This would make it more likely that any decision would have greater support among the residents of Croydon and reduce the chances of the council forcing through unpopular decisions.

Bringing in PR at local elections would require a change in legislation at national level, but the support for this is growing. The Westminster system is similarly undemocratic (the Democratic Unionist Party has 10 MPs, with far fewer votes than the Green Party who have one MP), and the calls for a fairer voting system are growing ever louder.

If you want to join that call or just find out more information then visit either the Electoral Reform Society or Make Votes Matter.

Next May, we have elections to the London Assembly. This election does have a proportional element – it is why there are Green and LibDem Assembly Members – so make sure you vote and vote for the party you really support, as every vote will count.

  • Peter Underwood, right, is the Green Party candidate for Sutton and Croydon in the London Assembly elections. He’s also been chosen to be the Greens’ candidate for Croydon South, in case Boris Johnson does decide to call a snap General Election

About insidecroydon

News, views and analysis about the people of Croydon, their lives and political times in the diverse and most-populated borough in London. Based in Croydon and edited by Steven Downes. To contact us, please email inside.croydon@btinternet.com
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7 Responses to Why Croydon needs more and better democracy, not less

  1. PR is certainly one, and a very good one, solution to the problem of serially elected dictatorships which is what we tend to get with simple, first past the post electoral systems.

    The problem is that it would be impossible for one Council amongst the 317 Local Councils and 32 London Councils to unilaterally adopt it as its own system.

    Failing that, a committee based system offers the only glint of genuine democracy and representation in the current system. Elected Mayors are a risk. Some have been and are brilliant. Some have been disastrous. Some have been criminal. One in particular has been both comic, risible and ineffective ( and see where that got him!) .

    The risk is too great. The only other alternatives, ones that allow for reasonable mental stability, are emigration or prayer!

  2. The immediate priority for progressives in Croydon is to oppose the idea of a Directly Elected Mayor. As Peter says this places even more power in the hands of one individual than the current “Strong Leader and Cabinet” model does. A return to the “Committee System”, while not providing all the answers, does at least involve all councillors in decision making and reduces the powers of patronage of the Leader.

    Tory MP Chris Philp is currently trying to persuade residents associations and others to support a petition for a Directly Elected Mayor. If they get 14,000 or so signatures there has to be a referendum on the subject. It’s important that we explain to people that this is not the answer.

    Croydon Council has set up a Governance Review, looking at all the different options for running the Council. This will shortly begin public consultation. I urge all who are interested in extending democracy in the borough to participate in this and support a “Committee System plus Scrutiny” model.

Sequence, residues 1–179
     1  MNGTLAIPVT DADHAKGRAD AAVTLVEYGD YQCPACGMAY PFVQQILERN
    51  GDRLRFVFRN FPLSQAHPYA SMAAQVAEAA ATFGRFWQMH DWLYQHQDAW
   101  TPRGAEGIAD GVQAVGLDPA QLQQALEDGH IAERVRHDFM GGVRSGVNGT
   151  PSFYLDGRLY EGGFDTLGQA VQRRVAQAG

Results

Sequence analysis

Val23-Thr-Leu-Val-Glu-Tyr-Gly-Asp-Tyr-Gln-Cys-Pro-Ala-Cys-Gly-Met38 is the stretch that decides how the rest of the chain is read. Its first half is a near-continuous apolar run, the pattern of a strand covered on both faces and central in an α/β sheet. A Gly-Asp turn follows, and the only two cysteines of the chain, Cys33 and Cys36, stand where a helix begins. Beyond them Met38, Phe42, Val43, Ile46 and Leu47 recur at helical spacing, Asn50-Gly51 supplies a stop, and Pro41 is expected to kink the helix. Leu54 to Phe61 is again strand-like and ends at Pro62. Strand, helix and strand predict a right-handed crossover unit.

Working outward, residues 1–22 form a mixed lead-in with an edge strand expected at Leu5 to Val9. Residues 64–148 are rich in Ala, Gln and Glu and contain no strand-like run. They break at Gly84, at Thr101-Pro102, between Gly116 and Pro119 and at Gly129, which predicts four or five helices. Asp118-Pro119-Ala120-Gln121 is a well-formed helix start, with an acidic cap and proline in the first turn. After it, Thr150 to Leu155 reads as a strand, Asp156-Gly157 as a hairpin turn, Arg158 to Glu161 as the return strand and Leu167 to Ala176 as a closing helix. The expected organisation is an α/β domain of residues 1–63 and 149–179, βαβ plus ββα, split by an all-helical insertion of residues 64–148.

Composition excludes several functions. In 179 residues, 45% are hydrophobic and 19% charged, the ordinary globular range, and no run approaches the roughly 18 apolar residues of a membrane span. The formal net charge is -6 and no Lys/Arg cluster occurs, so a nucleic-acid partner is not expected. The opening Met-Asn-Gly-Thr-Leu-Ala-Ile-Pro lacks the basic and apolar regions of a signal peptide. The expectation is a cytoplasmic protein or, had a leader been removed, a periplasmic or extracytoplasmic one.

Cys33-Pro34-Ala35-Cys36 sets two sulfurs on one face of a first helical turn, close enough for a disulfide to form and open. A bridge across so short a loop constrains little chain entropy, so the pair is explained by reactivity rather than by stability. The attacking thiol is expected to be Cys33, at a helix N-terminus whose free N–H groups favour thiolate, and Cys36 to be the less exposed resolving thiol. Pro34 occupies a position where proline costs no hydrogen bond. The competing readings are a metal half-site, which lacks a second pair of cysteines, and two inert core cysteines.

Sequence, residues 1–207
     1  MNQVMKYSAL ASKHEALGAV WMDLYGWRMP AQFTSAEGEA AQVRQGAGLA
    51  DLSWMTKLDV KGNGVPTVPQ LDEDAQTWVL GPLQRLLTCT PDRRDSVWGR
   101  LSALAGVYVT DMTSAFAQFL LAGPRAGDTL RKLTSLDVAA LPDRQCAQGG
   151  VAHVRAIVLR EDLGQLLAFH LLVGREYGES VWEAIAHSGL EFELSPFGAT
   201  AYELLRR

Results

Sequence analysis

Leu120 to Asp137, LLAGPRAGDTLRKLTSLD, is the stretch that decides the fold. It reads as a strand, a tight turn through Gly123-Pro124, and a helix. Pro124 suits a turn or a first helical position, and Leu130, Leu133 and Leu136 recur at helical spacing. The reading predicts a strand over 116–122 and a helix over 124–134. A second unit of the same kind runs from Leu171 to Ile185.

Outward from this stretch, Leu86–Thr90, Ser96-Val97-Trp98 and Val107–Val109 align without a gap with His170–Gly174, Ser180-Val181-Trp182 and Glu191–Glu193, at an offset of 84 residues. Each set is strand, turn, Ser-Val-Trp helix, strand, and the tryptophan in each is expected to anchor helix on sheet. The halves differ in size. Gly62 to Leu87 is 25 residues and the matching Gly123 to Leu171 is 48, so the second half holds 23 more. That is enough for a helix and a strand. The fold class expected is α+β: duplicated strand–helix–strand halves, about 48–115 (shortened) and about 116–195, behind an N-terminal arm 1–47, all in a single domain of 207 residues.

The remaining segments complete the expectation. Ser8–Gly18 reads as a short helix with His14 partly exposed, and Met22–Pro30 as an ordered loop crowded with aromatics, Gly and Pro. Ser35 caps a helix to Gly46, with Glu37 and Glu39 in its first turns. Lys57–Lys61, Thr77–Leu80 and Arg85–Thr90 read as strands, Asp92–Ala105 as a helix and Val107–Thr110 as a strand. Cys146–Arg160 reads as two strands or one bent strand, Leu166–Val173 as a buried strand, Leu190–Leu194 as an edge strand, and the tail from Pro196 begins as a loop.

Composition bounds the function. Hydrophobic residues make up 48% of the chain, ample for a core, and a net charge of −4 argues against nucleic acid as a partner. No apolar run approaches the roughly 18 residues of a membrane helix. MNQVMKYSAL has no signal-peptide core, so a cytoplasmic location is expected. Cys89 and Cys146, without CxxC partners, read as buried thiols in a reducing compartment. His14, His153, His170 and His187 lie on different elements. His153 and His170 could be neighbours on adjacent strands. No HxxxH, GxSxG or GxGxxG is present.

• Were you directed to determine that “the immediate priority for progressives” was to do the bidding of the Great Leader, David?

      It is notable how, of late, you have begun dissembling lines which the council leadership would have us mere plebs all swallow, without question.

      Thus, your reference to the “Strong Leader and Cabinet” model: in Croydon, it is only referred to in the context of the “Strong Leader” model, and that means Tony and his closest cronies, with all others doing as they are told, or else, and living with the consequences of some appalling decisions and a absolute avoidance of ensuring that the council’s officials are in any way accountable to the people they are meant to serve.

      Your attempt to deceive on behalf of Newman continues with your reference to the Governance Review, which you say is supposed to be “looking at all the different options for running the council”. You should know – well you would know if you read Inside Croydon, and we know that you do – that Newman has deliberately limited the terms of the review, tying the hands of the chair and the heavily loaded panel, and explicitly ruling out the possibility of even considering the role of a Directly Elected Mayor.

      Newman must be hoping that he can pass off this sham of a review as in some way reforming. Yet it appears doomed to deliver a report that will support his use of patronage – using hugee amounts of public money – to maintain his own position.

      With one or two apologists for Newman, such as you and notable councillors he has in his pocket, lining up to justify his appalling record and failure of the people of Croydon, what chance will true progressives ever have of proper reform?

  3. Chris Flynn says:

    I hate Brexit, but was the 2011 AV referendum actually more damaging?

    • Obviously not.

      • Chris Flynn says:

        If we had AV, would Cameron have needed to placate Brexiteers with a referendum?

        • The AV referendum was the stitch-up by which Cameron conned the FibDems into enabling austerity. That referendum was designed to ensure that AV would be rejected. It succeeded.
          The Scottish referendum was Cameron’s cunning plan to split the non-Tory vote in Scotland. It worked.

          The EU referendum was Cameron’s attempt to pacify the far-right of his own party after the 2015 General Election. He pushed his luck once too often.